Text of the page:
Most recently we went out on Monday night to a place called MK which was really cool. I think it’s called Chinese bbq style or something. Anyway, there’s a big boiling pot in the middle and you basically order slices of meat or vegetables to dip in and they’re cooked in like a minute. Then there’s all kinds of sauces to dip them in. Maybe they have restaurants like this in the states but I’ve never seen one. You can also just load up the pot with other vegetables and things to get a good flavor. I ate a veritable smorgasbord of delights that included things like pig liver(good) and jellyfish(nah). Also with your bill you get a printout of the nutritional information for your meal, but I ate so much that the numbers were all skewed. Delicious!

After that we took a ‘dern len’ through the market and bought some English/Thai movies. This brings up two things. The first is my love of the word ‘len’ in Thai. It literally means ‘play’ but if you put it after another verb it pretty much means to do that activity leisurely. ‘Nang’ means sit but ‘nang len’ is more like lounge, also ‘dern’ is to walk where ‘dern len’ is to stroll. The other point to bring up is how incredible a foreign girlfriend is for learning a foreign language. So far our dates have been about 95% Thai. Joy understands English very well but has a hard time speaking it which is totally fine with me since I get a major reason to study Thai before our dates and then get to practice with her. There’s no way I’d know what I do now without that which is neat because just today I was complimented on how well my Thai has progressed! So if anyone’s thinking of visiting... try to book a flight that gets in between 10pm and 4pm :)

International Relations jokes and Joy-related inquiries welcome in the comments.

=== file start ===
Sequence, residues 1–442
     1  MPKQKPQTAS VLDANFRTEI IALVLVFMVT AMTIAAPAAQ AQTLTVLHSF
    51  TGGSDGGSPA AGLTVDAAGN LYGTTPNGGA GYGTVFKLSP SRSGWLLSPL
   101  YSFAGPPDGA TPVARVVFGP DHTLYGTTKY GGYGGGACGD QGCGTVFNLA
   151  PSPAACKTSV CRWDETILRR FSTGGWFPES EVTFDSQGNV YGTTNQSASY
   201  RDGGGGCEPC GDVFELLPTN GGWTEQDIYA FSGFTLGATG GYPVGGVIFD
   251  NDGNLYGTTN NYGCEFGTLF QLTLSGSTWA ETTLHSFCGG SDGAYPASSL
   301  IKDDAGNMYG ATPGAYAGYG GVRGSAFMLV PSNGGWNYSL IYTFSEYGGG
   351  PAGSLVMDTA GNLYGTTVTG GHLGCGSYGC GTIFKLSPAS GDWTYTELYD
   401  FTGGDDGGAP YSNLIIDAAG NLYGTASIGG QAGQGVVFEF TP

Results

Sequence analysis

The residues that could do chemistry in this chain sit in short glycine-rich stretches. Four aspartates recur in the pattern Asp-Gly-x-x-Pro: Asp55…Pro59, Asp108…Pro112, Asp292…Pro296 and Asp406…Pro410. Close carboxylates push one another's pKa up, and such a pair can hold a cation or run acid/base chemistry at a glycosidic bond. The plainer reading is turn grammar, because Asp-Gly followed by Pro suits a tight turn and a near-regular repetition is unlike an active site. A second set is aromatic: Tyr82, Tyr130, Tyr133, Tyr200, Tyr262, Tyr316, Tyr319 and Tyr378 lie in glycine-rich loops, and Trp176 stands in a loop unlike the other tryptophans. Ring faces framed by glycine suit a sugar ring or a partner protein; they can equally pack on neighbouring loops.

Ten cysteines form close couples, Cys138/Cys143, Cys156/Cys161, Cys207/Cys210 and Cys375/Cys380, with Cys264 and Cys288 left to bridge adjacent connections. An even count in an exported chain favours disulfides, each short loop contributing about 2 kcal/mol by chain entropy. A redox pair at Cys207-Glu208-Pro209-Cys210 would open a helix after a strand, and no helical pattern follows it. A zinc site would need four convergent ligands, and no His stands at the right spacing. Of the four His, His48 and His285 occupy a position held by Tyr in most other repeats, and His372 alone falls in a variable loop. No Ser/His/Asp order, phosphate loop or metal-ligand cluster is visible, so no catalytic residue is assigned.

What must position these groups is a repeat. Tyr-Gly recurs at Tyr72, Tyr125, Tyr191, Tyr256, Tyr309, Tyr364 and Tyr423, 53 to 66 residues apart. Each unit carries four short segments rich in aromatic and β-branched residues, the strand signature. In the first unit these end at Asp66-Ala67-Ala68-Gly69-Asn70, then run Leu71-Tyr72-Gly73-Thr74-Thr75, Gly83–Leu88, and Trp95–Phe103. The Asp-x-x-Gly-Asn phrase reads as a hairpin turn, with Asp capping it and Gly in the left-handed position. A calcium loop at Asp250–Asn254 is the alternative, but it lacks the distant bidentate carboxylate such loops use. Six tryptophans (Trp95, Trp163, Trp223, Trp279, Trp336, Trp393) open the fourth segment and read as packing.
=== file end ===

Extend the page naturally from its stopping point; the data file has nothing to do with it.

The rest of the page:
one love,
j

Saturday, April 4, 2009

When It Rains, It Pours

Since I'd been so busy at work I'd originally planned to sit down and type up my blogs at home in Microsoft Word and then just copy+paste when I got to work like JP suggested, but my time at home as been pretty busy too! Margy and Justin made their final appearance in Bangkok earlier this week so I'd been spending my time with them rather than typing alone. It was great to have them back again even though we spent most of our time hanging around. The rain has returned and has made it difficult to really plan to do anything outside. The plus side is that there's been some righteous thunderstorms. One of the corridors in our building is open-air on one side and has a great panoramic view of the West. (The sunsets are wicked. The actual sun is usually behind a forest of skyscrapers but there's a flat expanse south of it that really lights up with some cool clouds.) Anyway, this is the perfect place to watch a lightning storm cruise through, especially one with so much activity like the ones we've been getting.